I'm also curious about several things: First, why isn't there more transparency into why these types of studies are conducted? I'm reluctant to participate in any study which doesn't specify its aims or reasons for existing. I don't wish to inadvertently support eugenics-adjacent work. What I mean is, typically, the scientific community is still doing research for "a cure" rather than to leverage more support and societal acceptance of our neurotype.

    Also, this sample size is miniscule, and that could likely be because autistic adults are less likely to be willing to participate in studies that don't clearly state their aims.

  • Im an autistic adult and while my autistic partner is worse than average at this, he also Seems to have some level of face blindness, as many autistics do. I actually think i am at the other extreme and i pick up the most subtle differences in expression, even more than neurotypicals

  • There's more than "can and can't" in every level of life. I refer to the way NTs think as linear. They have to be taught different perspectives whereas we NDs just seem to have that basic concept ingrained in our psyches. As such, when NTs evaluate us, their perspective is linear falling in a "one or the other" category.

    I think the other comments touched on this. It's not that "we can't"; it's that there's face blindness, reading other cues NTs don't typically pick up on so we are ignoring their expressions as we sense it's a cover, other thoughts in the forefront keeping our main focus,etc.

    When we look at others, we see a reflection of who we are. If you think in a linear fashion, you perceive in a linear fashion. If you think in an interconnected fashion, you perceive in an interconnected fashion.

    It's hard to explain how there's actually trillions of roads to those who can only see two; especially when you need them to see how those roads connect to understand.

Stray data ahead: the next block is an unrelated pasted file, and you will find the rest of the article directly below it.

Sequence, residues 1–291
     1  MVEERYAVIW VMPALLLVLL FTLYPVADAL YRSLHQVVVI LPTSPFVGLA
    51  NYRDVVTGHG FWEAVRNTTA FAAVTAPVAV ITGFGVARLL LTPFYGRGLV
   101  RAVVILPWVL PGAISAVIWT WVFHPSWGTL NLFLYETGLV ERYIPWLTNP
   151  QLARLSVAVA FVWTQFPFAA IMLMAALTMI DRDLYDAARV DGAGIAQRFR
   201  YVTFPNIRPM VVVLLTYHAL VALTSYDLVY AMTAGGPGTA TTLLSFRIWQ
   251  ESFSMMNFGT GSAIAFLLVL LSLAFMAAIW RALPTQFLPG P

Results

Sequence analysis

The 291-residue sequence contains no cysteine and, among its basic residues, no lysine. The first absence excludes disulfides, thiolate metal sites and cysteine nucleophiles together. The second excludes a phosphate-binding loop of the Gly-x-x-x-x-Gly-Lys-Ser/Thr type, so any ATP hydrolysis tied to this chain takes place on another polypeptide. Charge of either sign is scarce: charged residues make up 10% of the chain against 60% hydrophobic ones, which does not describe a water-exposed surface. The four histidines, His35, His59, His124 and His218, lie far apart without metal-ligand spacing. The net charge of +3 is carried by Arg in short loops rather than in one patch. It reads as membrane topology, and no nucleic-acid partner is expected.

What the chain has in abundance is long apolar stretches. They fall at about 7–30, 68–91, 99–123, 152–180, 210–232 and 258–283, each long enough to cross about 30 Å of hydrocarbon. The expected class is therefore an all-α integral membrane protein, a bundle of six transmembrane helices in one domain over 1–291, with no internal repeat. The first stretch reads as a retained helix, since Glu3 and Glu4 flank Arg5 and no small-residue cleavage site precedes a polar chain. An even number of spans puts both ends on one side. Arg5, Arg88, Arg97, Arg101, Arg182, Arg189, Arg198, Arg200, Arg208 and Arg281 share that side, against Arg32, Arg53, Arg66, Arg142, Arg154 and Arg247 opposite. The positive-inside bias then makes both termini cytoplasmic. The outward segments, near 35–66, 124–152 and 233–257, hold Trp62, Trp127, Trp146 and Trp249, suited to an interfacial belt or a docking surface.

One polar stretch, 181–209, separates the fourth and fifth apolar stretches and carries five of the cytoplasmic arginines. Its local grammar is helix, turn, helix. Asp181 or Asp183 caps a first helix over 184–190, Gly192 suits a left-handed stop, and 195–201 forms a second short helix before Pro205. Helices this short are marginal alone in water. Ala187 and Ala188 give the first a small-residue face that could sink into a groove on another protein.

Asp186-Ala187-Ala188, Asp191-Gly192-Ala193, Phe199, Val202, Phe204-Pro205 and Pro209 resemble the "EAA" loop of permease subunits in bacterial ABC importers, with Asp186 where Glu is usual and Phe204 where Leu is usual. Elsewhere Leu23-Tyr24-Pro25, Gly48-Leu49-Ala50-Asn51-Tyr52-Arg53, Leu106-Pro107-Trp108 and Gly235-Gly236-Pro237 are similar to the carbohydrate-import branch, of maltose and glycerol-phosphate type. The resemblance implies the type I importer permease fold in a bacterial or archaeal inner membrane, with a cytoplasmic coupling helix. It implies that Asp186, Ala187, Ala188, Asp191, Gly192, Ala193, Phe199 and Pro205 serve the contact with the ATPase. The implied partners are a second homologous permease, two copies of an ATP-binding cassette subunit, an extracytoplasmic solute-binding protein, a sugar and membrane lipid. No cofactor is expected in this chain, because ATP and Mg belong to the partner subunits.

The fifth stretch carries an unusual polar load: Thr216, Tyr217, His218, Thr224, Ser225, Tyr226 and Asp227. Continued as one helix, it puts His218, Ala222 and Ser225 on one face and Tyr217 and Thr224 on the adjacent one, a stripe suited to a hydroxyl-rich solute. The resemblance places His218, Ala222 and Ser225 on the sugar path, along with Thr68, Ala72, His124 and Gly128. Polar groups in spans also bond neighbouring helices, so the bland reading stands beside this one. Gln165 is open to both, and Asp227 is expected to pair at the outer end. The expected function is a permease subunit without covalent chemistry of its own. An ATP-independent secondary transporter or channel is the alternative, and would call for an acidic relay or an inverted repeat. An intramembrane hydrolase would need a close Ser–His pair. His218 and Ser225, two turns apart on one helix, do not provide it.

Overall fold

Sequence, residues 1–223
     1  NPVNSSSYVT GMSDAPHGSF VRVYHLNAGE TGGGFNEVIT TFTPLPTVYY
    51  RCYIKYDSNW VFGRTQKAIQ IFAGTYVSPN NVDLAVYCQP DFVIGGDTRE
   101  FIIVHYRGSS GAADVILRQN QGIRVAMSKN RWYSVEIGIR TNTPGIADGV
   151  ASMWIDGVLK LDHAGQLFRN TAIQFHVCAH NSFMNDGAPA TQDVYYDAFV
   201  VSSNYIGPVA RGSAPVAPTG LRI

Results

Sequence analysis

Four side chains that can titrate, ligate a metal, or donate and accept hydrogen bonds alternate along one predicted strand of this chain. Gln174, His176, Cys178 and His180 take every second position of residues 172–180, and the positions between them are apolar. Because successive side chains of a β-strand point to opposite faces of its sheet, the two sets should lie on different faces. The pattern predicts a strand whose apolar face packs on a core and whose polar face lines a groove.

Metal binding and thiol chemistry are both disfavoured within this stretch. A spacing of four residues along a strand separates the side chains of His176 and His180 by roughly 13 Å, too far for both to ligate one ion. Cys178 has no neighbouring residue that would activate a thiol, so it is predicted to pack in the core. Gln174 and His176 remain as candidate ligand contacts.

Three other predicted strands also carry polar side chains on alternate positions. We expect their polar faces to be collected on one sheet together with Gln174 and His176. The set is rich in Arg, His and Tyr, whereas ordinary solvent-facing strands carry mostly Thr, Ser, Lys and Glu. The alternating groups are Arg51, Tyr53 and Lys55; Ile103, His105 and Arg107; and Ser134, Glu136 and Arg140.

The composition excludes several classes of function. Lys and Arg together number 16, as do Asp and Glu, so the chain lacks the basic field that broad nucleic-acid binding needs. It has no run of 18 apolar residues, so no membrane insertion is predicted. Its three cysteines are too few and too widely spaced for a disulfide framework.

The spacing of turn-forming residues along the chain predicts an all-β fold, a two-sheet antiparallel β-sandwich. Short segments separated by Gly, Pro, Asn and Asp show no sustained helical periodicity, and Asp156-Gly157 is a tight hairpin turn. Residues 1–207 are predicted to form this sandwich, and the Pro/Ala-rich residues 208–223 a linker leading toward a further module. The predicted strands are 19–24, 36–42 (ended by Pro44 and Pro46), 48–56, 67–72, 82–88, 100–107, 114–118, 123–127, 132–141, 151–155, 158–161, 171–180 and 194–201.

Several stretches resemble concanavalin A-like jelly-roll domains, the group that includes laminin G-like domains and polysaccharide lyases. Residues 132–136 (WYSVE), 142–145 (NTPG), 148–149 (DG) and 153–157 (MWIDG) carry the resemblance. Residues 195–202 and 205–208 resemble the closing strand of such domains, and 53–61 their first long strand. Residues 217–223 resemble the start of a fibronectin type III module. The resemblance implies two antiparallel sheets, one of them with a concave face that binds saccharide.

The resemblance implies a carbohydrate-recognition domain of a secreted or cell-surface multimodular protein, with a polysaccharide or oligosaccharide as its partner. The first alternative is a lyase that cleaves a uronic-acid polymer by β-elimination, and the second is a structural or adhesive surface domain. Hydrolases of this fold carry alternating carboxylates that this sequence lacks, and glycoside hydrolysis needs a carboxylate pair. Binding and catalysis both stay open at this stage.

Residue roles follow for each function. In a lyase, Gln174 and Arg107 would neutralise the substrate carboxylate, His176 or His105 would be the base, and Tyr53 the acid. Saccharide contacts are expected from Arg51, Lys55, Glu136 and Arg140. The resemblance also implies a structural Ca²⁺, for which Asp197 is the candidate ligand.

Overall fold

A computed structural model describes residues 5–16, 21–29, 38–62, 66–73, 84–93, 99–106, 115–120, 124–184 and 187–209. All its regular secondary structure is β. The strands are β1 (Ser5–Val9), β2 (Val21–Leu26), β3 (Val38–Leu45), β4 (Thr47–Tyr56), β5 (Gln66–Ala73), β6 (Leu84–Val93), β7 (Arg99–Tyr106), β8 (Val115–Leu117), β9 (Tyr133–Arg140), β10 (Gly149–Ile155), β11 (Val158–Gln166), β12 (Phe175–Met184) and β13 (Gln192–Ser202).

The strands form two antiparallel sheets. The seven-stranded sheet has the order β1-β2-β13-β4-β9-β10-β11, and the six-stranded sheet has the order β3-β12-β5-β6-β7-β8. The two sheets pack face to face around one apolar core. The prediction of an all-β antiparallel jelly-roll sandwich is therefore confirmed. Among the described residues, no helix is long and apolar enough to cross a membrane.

• New theories discuss how the social deficits we sometimes experience may be not an impairment in reading body language (I agree that we often read between the lines and see the intentions underneath more accurately than NT's) but in prediction because we cannot always quickly process the interaction that is happening and how it feels to the other person/how we are coming across to him/her and predict how the individual will respond. Very interesting idea. https://www.pnas.org/doi/10.1073/pnas.1416797111

  • As the grandmother of a young adult with autism and retired worker in the field of developmental disabilities, I greatly appreciate the previous comments and self advocacy and disclosure..

  • I agree with all previous comments and wish to add this: the scientific community is only just beginning to recognize that autistic people are not uniquely incapable of socializing, but rather that autistic people socialize more adeptly with other autistics, and that on the flip side ALLISTIC people socialize more adeptly with other ALLISTICS. The social "disability" is comparable on either side when intermixed. Then I ask, whose expressions were participants analyzing, autistics or allistics? I'm curious what difference that might make.

  • I think a lot of the time those of us on the spectrum are so used to masking, we recognize that all people are masking to some degree much of the time. The "delay" in reporting what emotion someone is expressing is in part to us trying to sus out what the person is *actually * feeling vrs what they are attempting to *present* they are feeling. This is why when you find someone who isn't masking and who doesn't need you to mask yourself, it is so much easier. Half the amount of social energy is required to interact with that person and it's easy. Why don't these studies ask autistic people what we think of things instead of just observing us through a neurotypical lense and trying to fit what we are doing into that framework? Not all of us can communicate, but many of us can. Why not just ask us?

  • As an autistic adult with an autistic husband and children, I agree with all previous comments and want to state that I LOVE the comments given by other autistic adults. I love how much more our voices are being heard but especially USED with out fear 💪

By
Flinders University